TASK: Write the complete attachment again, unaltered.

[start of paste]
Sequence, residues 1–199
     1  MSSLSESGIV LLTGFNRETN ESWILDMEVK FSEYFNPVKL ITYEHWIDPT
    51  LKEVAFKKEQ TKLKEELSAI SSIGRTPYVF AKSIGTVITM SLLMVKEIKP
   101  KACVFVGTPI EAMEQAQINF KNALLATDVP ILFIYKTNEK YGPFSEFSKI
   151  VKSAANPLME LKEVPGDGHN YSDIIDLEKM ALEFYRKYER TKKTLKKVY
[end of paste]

Sequence, residues 1–199
     1  MSSLSESGIV LLTGFNRETN ESWILDMEVK FSEYFNPVKL ITYEHWIDPT
    51  LKEVAFKKEQ TKLKEELSAI SSIGRTPYVF AKSIGTVITM SLLMVKEIKP
   101  KACVFVGTPI EAMEQAQINF KNALLATDVP ILFIYKTNEK YGPFSEFSKI
   151  VKSAANPLME LKEVPGDGHN YSDIIDLEKM ALEFYRKYER TKKTLKKVY